Among motorists, speed cameras have long been a contentious issue. But whether you support them or not, there's no denying they are here to stay.


Speed cameras are installed nationwide with a single objective: to discourage speeding and save lives. They are often installed in areas where high numbers of accidents take place.


Do they work?

A London School of Economics study showed that from 1992 to 2016, speed cameras reduced UK road traffic accidents by between 17% to 39% - making them a critical tool in improving road safety.


The Royal Society for the Prevention of Accidents - RoSPA - argues that driving at high speeds makes it more difficult to react to quickly changing situations on the road. The society also states a crash at higher speeds “will be more severe, causing greater injury to the occupants

and any pedestrian or rider hit by the vehicle.”


Penalties for speeding

The penalty for speeding is a minimum fine of £100 and 3 penalty points added to your licence. Those who accumulate 12 penalty points over 3 years could face disqualification.


Speed cameras: a brief history

The first speed camera in the UK was a ‘Gatso’ - installed on Twickenham Bridge in 1992. Manufactured by Dutch firm Gatsometer BV, Gatsos are now common across the UK.


Since the year 2000, local authorities have been allowed to keep a proportion of funds raised by speed cameras, to be spent on other projects in the area. This has resulted in partnerships between local authorities and police, set up with government funding. However, state funding for these schemes was cut in 2007 and again in 2010, which led to some authorities switching off their speed cameras.


Driving at 10% + 2 above limit - am I safe?

Many UK drivers believe driving 10% + 2 above the speed limit is safe. However, exactly how speed cameras are calibrated is not in the public domain. Anyone caught driving even 1mph above the limit is breaking the law and could face a penalty. That said, the National Police Chiefs’ Council (NPCC) suggests police officers enforce the limit plus 10% + 2. However, this is merely a recommendation. It is entirely up to the discretion of the involved police officer if this additional margin is used.


With this in mind, the wisest approach is to stay within the speed limit - preventing the possibility of a fine, and keeping you and other road users as safe as possible.


At what distance can a speeding vehicle be caught at?

Some modern speed cameras can detect a speeding vehicle at up to a mile away. However, most cameras use road markings to work out the distance over time to determine a vehicles' speed.


‘Long ranger’ speed cameras

So-called 'long rangers' are cameras that can catch a speeding vehicle up to one kilometre away. What's more, they capture images and videos too, making it near impossible to dispute a speeding fine. A successful 2018 trial by Gloucester police led to UK-wide adoption of the 'long ranger' speed camera.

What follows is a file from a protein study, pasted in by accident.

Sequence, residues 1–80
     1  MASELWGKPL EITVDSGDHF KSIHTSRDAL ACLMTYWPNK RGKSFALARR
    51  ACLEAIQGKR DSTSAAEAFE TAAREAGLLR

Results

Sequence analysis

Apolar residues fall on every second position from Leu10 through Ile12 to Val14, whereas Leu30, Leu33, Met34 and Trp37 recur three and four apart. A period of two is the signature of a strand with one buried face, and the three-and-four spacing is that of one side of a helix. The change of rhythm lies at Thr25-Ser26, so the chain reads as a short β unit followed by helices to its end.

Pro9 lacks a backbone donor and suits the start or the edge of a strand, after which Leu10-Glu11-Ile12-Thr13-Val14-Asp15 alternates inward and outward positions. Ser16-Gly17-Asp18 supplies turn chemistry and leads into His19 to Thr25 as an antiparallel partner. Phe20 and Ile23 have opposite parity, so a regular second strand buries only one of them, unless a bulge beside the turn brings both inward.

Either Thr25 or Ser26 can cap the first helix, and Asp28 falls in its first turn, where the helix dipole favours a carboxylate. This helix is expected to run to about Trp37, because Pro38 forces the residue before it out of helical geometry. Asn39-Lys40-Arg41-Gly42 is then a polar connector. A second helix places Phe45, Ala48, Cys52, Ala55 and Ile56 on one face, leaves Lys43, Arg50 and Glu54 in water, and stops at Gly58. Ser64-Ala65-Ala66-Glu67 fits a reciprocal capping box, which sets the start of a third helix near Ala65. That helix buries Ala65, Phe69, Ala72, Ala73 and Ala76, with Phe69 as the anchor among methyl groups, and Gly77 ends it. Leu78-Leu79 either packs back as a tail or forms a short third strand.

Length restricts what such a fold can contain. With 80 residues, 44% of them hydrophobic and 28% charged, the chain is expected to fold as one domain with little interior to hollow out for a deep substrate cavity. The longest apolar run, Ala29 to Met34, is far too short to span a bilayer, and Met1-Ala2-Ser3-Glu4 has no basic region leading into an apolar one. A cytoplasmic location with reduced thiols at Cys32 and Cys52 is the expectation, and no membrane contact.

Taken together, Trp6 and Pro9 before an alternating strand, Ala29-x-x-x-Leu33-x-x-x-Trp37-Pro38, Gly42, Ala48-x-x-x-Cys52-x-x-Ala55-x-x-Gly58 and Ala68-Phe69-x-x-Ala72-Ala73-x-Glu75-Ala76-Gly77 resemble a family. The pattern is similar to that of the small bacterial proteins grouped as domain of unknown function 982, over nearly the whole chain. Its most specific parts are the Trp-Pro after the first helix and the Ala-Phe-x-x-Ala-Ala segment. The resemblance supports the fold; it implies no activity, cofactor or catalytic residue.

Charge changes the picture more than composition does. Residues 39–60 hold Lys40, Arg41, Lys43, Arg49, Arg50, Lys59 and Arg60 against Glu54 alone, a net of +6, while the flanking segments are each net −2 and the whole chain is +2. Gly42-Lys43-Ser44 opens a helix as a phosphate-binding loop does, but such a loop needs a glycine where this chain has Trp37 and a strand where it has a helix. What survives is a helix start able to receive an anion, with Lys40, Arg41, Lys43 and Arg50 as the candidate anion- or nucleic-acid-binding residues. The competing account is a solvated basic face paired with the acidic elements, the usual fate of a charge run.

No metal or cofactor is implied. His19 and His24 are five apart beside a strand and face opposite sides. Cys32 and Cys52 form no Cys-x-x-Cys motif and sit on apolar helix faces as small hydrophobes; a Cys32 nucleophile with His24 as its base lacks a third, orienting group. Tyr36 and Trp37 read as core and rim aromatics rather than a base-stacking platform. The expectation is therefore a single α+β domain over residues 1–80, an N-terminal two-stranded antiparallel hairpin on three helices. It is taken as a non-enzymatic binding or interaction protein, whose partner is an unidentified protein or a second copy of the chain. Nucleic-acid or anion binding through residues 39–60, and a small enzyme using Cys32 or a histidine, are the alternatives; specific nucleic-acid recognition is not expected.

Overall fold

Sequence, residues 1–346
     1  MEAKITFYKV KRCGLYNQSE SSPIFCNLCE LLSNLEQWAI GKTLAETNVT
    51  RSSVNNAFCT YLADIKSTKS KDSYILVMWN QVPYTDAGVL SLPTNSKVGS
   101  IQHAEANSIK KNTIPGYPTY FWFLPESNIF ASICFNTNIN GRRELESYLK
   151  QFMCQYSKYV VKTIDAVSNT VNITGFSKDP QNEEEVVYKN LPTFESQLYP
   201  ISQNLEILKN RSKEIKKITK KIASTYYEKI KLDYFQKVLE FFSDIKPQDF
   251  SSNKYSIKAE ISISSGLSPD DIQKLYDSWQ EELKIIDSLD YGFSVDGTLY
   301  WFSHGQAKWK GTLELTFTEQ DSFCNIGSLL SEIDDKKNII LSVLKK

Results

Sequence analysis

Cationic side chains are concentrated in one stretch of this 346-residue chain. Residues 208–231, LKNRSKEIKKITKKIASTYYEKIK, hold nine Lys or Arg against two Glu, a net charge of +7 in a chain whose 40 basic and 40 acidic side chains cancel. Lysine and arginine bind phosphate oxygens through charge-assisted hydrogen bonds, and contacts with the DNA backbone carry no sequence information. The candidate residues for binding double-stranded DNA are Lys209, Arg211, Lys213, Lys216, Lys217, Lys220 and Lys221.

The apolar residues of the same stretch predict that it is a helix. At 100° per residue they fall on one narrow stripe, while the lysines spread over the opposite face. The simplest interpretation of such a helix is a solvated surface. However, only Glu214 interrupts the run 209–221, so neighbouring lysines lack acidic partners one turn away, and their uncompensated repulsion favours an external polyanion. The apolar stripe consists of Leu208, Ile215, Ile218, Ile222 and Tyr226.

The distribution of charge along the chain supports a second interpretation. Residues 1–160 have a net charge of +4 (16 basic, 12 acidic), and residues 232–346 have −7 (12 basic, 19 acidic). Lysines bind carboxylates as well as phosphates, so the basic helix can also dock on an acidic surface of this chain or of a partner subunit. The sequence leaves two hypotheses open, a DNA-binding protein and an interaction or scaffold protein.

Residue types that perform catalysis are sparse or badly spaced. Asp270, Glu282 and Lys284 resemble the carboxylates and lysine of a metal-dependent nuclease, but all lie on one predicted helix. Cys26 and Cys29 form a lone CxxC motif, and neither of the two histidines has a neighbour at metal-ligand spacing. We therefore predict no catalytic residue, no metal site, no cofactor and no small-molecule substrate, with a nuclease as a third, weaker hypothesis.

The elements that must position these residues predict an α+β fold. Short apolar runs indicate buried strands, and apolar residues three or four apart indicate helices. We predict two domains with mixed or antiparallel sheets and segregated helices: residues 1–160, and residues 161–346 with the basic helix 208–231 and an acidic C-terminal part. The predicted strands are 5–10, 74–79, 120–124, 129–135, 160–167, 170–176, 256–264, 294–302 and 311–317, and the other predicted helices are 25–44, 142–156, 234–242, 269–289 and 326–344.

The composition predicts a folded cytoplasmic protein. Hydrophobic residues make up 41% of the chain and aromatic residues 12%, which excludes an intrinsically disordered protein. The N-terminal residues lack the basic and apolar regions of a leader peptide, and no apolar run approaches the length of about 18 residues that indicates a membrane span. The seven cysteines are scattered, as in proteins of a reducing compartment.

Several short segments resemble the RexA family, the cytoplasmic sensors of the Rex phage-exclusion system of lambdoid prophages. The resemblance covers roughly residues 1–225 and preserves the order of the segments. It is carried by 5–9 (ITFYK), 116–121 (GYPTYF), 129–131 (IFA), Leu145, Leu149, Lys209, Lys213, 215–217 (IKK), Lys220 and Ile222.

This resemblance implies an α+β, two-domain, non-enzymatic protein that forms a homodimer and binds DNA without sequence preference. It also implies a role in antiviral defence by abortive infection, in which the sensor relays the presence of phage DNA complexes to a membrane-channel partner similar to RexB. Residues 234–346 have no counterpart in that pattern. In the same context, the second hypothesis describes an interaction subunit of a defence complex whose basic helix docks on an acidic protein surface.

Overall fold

Truvelo vs Gatso

While the Gatso speed camera is the most common in the UK, an alternative called Truvelo is also used. Unlike the Gatso, the Truvelo takes photographs of the person at the wheel - again making speeding fines virtually impossible to dispute.


Mobile speed cameras

As the name suggests, mobile speed cameras can be placed next to any road - in either marked or unmarked police vehicles, or in the form of hand-held devices. Mobile units may be used as speed safety campaigns or as part of safety camera partnerships.


Mobile speed cameras can catch speeding motorists while they themselves are on the move, although these cameras are mostly used while stationary.


Most common speed camera types in service

Average speed cameras

Introduced in 1999, SPECS cameras use Automatic Number Plate Reading (ANPR) technology to take a date and time stamp as a vehicle passes between two cameras. The computer can then calculate the average speed. SPECS cameras are increasingly common on UK roads, with at least 263 miles of road covered by them.


Variable speed cameras

Similar to average speed cameras, variable speed cameras do not tend to operate 24 hours a day. These cameras are mounted on overhead motorway gantries which display the speed limit. They are often used on smart motorways, where the speed limit can be lowered in response to bad weather or in order to reduce congestion.


Traffic signal cameras

As the name suggests, these cameras detect if a vehicle runs a red light. Most traffic signal cameras are made by Gatsometer, with the Gatso RLC 36 model able to detect both speeding and traffic light violations.


Speed camera detectors

It is not illegal to use a speed camera detector in the UK, but in mainland European countries - notably France - their use is strictly prohibited. These detectors harness GPS systems together with databases of known camera locations.


Speed camera jammers

These systems prevent speed cameras from working properly. They are illegal in the UK and most other counties. Very large fines can result from using them. In early 2019, a driver from Dewsbury was jailed for three months for using a speed camera jammer.